Tuesday, August 07, 2007

Tuesday notes

Today and yesterday went a good deal better than last week. We added our math curricula; writing in the forms of copywork, dictation, and Diamond Notes (for Austin); and history (Monday) and Science (today), which is just reading and discussing.

I had to get more structured than I had planned. I started us out last week with no structure/schedule and it was a disaster. I don't know if it's very RDI or not, so I'll have to work on that. But basically I laid out our morning "Before School" routine, which consists of getting up and dressed, breakfast, and chores. Then I also printed off a School Day routine, which shows sort of a 'What comes next and what do I do while that's happening?" sort of thing. So we start our morning with our Bible Study, then I move onto Reece's lesson. On the sheet, it shows what Austin and Riley can be doing while I'm working with Reece: math drill, reading assignment, book basket reading, copywork. The only thing that has a time is recess, because that's a mid-point of our morning. Everything else is more of a 'next subject/activity' sort of thing. Like I said, I'm not sure how RDI friendly it is, but it surely makes our morning flow alot better.

The big kids' reading is not working out like I had hoped it would. I'm still trying to give it time, but it seems like we're not doing enough. Riley tells me all the major and minor details of what she has read, and of course, she is far ahead of where I assigned. But it doesn't take very long so I'm not sure if I'm doing enough. I mean, she reads, we talk for a few minutes. Is that how it workds?

Austin's is a bit different. I gave him a notebook to write down words he doesn't understand, and then he writes a 1-2 sentence summary of his daily reading. But he just doesn't get much out of what he is reading at all. And I don't know how to help him with that. I try to talk to him about it, not asking direct questions, but he's just not interested. One time yesterday he replied with, "Well, how am I supposed to know what they're thinking? It's just a story!" Also, he is not getting the subtle language, and I don't know how to help him with that either. His summary yesterday was, "The compass broke, and Columbus was very mad about it." Sounds OK, unless you've read the story and realize that they were all wondering if the compass could have stopped working because they hadn't seen land, and they thought maybe Columbus was mad as in crazy. I tried explaining this to Austin, and I got the 'no idea what you are talking about' look. I even tied it to a use of mad as crazy that I knew he has heard before. Nothing. And if I try to elicit more out of him with questions, then I'm totally getting away from RDI/Declarative language.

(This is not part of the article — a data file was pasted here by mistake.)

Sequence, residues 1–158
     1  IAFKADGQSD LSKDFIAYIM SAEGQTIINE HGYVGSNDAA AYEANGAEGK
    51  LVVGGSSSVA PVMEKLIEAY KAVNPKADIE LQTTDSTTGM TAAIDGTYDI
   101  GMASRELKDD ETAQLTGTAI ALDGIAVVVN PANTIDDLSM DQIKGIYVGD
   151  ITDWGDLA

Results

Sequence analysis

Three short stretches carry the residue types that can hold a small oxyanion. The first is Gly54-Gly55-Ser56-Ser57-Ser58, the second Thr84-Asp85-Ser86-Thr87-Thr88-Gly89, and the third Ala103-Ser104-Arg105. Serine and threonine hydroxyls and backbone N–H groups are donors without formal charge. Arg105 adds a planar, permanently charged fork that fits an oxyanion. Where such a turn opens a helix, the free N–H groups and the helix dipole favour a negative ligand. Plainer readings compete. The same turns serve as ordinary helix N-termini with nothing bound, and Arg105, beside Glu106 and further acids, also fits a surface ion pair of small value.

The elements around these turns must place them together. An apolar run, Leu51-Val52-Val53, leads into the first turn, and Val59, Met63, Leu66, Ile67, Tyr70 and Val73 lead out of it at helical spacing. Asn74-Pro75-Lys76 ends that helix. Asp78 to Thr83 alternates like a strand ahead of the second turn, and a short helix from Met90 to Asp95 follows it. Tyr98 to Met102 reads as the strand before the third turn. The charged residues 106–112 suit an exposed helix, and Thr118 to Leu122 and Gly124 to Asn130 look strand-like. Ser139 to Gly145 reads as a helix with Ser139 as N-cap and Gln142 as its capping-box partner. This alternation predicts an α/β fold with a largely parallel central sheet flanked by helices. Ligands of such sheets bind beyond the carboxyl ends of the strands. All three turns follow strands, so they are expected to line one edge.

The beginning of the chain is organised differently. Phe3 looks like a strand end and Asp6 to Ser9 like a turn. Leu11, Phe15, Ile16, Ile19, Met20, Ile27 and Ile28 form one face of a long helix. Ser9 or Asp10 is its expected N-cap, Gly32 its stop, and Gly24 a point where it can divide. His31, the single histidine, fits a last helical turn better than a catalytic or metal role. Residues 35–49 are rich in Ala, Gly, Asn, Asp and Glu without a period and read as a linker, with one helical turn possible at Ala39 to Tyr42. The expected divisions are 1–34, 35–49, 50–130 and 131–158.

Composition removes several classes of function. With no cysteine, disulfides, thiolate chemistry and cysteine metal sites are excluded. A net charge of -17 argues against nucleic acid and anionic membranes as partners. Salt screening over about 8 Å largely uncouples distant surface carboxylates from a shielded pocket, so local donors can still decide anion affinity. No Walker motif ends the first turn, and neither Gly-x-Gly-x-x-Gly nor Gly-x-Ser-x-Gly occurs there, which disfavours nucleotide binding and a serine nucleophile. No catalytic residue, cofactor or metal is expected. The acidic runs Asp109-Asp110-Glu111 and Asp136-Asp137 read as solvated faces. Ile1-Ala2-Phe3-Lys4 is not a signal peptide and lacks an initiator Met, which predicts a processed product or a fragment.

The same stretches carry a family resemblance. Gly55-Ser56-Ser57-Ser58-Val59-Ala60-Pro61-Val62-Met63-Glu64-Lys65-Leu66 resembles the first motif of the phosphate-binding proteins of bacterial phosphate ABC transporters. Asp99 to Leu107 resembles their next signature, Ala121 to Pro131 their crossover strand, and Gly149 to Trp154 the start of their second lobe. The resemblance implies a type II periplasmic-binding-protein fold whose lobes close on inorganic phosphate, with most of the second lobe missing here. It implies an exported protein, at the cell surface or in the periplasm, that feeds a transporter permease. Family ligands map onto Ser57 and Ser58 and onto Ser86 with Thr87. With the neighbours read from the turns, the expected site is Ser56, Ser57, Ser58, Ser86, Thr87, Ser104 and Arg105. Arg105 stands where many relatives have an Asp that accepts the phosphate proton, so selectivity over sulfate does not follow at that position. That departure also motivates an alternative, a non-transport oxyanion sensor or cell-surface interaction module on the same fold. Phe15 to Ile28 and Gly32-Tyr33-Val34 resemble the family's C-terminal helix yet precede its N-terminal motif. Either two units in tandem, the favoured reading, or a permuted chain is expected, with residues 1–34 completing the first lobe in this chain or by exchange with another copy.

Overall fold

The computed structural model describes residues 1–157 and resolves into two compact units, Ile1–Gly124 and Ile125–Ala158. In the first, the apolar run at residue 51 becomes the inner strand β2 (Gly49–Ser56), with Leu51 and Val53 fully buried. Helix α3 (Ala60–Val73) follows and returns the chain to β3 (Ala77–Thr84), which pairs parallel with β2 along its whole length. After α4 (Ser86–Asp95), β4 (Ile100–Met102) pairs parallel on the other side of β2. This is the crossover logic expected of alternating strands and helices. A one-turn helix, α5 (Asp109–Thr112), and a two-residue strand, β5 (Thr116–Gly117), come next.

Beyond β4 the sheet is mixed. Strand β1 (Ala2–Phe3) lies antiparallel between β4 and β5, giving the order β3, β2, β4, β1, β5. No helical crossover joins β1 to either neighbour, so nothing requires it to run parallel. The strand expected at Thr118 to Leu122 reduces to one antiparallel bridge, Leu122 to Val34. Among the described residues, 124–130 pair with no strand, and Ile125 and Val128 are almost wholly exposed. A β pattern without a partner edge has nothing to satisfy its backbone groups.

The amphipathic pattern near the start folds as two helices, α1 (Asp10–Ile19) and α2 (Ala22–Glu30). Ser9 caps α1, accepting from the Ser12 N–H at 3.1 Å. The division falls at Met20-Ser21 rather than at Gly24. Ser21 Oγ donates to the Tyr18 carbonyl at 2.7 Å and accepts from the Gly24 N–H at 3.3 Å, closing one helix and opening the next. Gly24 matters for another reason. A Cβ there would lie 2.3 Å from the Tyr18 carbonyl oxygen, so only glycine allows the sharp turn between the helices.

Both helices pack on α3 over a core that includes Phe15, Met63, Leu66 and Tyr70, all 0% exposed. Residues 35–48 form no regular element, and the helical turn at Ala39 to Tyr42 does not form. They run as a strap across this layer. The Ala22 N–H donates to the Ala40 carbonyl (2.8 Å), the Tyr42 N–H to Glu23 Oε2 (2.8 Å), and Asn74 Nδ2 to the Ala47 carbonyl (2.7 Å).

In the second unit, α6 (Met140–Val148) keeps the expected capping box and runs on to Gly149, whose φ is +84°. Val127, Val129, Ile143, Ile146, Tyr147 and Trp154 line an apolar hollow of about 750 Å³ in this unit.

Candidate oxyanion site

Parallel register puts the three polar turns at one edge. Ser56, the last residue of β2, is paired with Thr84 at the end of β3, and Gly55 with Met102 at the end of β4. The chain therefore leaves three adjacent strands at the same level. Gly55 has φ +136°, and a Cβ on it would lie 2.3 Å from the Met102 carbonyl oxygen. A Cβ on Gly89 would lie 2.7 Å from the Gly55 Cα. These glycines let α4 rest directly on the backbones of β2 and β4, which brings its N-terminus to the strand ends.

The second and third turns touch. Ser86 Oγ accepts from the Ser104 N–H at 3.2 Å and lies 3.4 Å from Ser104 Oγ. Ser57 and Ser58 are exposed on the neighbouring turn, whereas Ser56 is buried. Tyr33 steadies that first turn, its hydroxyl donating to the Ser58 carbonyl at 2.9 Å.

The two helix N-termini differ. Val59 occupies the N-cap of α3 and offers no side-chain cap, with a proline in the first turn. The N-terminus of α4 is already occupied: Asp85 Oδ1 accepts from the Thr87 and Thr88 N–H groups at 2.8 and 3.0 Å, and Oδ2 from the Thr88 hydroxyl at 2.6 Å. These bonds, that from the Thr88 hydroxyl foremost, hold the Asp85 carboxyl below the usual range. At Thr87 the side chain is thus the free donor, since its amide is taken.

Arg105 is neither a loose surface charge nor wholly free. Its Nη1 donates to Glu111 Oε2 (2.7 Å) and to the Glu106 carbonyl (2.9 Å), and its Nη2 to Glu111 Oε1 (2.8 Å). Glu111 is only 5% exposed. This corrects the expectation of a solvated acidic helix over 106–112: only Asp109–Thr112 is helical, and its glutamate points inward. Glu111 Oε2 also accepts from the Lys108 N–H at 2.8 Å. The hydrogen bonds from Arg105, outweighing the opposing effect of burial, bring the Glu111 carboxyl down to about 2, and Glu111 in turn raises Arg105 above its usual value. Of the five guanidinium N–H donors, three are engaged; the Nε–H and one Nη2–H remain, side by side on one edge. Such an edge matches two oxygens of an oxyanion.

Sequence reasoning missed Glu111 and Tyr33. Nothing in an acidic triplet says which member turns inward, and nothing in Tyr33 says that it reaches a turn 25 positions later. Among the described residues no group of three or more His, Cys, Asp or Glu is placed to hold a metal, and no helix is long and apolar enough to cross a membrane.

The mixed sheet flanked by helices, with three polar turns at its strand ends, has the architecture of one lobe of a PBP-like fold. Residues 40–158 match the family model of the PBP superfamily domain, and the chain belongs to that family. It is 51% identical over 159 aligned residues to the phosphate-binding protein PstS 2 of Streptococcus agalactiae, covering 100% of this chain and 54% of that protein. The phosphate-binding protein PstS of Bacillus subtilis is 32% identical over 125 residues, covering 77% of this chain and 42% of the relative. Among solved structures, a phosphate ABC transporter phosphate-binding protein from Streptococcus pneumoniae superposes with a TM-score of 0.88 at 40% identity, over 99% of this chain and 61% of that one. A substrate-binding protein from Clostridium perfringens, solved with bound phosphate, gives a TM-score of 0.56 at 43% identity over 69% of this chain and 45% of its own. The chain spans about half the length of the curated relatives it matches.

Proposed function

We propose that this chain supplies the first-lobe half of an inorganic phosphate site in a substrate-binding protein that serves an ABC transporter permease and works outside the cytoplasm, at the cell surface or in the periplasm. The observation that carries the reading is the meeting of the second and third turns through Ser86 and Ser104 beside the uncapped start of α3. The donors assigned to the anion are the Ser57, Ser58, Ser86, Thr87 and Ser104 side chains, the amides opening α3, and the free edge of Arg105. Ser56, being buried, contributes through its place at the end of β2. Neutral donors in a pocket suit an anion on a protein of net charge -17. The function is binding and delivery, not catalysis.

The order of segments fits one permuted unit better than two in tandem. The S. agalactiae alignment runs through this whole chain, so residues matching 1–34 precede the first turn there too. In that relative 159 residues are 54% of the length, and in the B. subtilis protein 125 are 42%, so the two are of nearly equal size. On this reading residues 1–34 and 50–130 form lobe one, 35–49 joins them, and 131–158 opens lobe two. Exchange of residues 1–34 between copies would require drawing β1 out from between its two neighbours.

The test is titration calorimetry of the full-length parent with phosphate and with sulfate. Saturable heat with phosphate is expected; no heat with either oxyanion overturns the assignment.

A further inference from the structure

The same is basically true with history. I read a section of our history spine yesterday and everyone just sort of stared at me. I tried commenting on some things that I found interesting, but got no response. I finally asked the review questions at the end of the section to try to see if anyone had listened, and they could answer them. It's just frustrating.

Reece's reading is also quite frustrating. She has to keep sounding out 'is' even though it's on every single darn page in every single darn sentence. She acts like she's never seen it before, every time!

Math is going fine... Riley is doing well with the textbook, writing her answers on paper. She just dawdles because other things are more interesting. One of these days she'll figure out that if she moves more quickly, it will be done faster. Austin started on the division with remainders in Math U See, and that's been a fairly simple thing for him. So far, so good! Reece is still working in her Calvert K workbook, and I'm keeping her to 2-4 pages instead of letting her do a ton of pages at a time.

Copywork/Dictation going well... glad I purchased Spelling Wisdom to use for that! I don't have to hunt for good things to copy! :) Austin liked his first lesson of Diamond Notes. Hopefully learning to write a paragraph by basing it on a baseball diamond will make it hit home (no pun intended) for him!

We're getting everything done, with a minor amount of wailing and gnashing of teeth, so I guess that means it's successful! If I could figure out reading, I'd feel so much better!


lisaquing said...

Your structure sounds effective to me.